How do you become a leader?

Most people aren’t born natural leaders. Instead, they learn how to become strong leaders.


Listen to the people in your community and learn what’s important to them. They want to feel that their thoughts and input are valued. If they feel that they’re being listened to, they will trust your leadership and in turn, become more engaged with their community.


Most likely, no one is going to approach you about taking on a leadership role. You need to put yourself into that role. Understand that you have valuable things to offer and put yourself in the position to showcase those. Put yourself in a place where you are able to step out as a leader. Attend town hall meetings and speak up and share your thoughts.


Set goals that you would like your community to meet. Then, decide what meeting those goals in the short- and long-term will look like, and how you can make that happen. Come up with an action plan for making your community a better place, and follow through with it.


This article was originally published

Charity versus Philanthropy: What’s the Difference?

Jimmy Lustig Charity vs Philanthropy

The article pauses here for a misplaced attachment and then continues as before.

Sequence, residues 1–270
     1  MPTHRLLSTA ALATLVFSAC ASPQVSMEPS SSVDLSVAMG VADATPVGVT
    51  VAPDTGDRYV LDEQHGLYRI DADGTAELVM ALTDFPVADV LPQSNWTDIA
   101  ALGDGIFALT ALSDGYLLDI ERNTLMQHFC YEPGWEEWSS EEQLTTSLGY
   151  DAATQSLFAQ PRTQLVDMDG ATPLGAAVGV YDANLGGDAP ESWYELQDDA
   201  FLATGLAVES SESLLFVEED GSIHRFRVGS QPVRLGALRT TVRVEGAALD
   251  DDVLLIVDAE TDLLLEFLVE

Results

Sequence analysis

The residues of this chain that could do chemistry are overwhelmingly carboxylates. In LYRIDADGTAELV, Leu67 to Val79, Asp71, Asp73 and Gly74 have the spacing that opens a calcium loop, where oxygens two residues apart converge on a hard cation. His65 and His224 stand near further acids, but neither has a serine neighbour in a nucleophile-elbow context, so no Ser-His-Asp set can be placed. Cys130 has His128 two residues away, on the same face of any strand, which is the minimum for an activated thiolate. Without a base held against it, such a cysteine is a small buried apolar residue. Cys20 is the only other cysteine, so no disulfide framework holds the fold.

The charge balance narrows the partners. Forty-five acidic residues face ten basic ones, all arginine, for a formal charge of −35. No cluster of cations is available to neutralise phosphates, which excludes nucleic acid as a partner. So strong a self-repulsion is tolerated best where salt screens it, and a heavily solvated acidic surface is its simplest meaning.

Often, the words charity and philanthropy are used interchangeably. Both have to do with giving and helping others, so it’s easy to conflate the meaning of the two words. But, the two words have distinct meanings and deal with different areas of world change. To put it in simple terms, charity is giving, while philanthropy is doing.


Charity is a short-term response focused on relief and rescue. It addresses an immediate need for a community or a cause, such as food, shelter and medical care. Giving a meal or a coat to a homeless person would be charity, not philanthropy. While it’s addressing a need and is necessary, it doesn’t tackle the root issue.


Philanthropy focuses on finding a long-term solution to a problem. Philanthropy aims to solve problems, instead of providing temporary fixes to them. Philanthropy is a more strategic plan of giving that’s built around past success and has a strong focus on the community. While charity often only benefits one or a few people, philanthropy aims to reach a much broader group of people. By tackling the societal roots of these problems, philanthropy seeks to change the world in the long-term.